Friday, December 7, 2012

‘Cynical Love: Life in the Everyday’

Conceptualized by guest curator Gayatri Sinha, an interesting group show at New Delhi-based KNMA strives to signal the place of technology in a massive global change in the flow and reception of information.

A curatorial note elaborates: “It is technology that serves democratic art forms, from social messaging to YouTube to serving micro banking in women’s cooperatives in India and Bangladesh. As an instrument of democracy, technology effects twitter revolutions and Facebook fame. At the same time, technology challenges the museum as it constructs an archive, leading the past into the future. Technology as the driver of invention challenges the aura that art confers on an object.

“Responding to the space based in a technology hub, artists have revisited industrialization from the 19th century to the present day with wit, irony and critique. The many stages of invention that signal modernity here intersect with contemporary views of design, architecture and film. The art works invoke a sensory response to the environment, a return to tactility and natural materials. Cynicism is tempered with nostalgia and the poetics of a vanishing beauty.”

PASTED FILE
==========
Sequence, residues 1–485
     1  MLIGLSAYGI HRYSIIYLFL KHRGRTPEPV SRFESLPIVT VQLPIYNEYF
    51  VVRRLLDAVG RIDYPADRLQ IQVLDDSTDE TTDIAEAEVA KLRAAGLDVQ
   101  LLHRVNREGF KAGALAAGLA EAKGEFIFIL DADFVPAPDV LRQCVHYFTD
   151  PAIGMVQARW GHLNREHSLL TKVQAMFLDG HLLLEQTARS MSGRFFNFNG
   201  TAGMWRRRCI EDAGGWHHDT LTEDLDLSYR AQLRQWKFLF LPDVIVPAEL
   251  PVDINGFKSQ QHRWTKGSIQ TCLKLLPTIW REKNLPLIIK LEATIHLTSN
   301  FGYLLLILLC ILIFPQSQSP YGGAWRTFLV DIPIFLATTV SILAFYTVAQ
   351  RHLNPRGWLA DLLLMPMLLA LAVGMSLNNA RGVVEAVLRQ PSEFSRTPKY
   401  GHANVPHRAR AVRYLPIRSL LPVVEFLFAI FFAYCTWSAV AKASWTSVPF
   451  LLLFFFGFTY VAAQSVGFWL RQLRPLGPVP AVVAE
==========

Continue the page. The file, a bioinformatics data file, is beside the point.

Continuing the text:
The exhibit is in sync with the growing permanent Collection of KNMA largely focused on significant trajectories of Modern and Contemporary Indian Art. Its core Collection highlights a magnificent generation of 20th century Indian painters from the post-Independent decades and equally engages the disparate art practice of the younger contemporaries. To put it in Kiran Nadar’s words, ‘though the idea of opening a private art museum occurred with the intention of sharing my art collection with the larger public, I was also acutely aware of the existing dearth of institutional spaces that could bring visibility to modern and contemporary art from India and the subcontinent”.

Sponsored by the Shiv Nadar Foundation, KNMA is plugging the social need of promoting art and instilling its deep appreciation amongst individuals, through the museum and its other educational initiatives. It is focused on bridging the current disconnect between art and the public and enhancing museum-going culture in India. 

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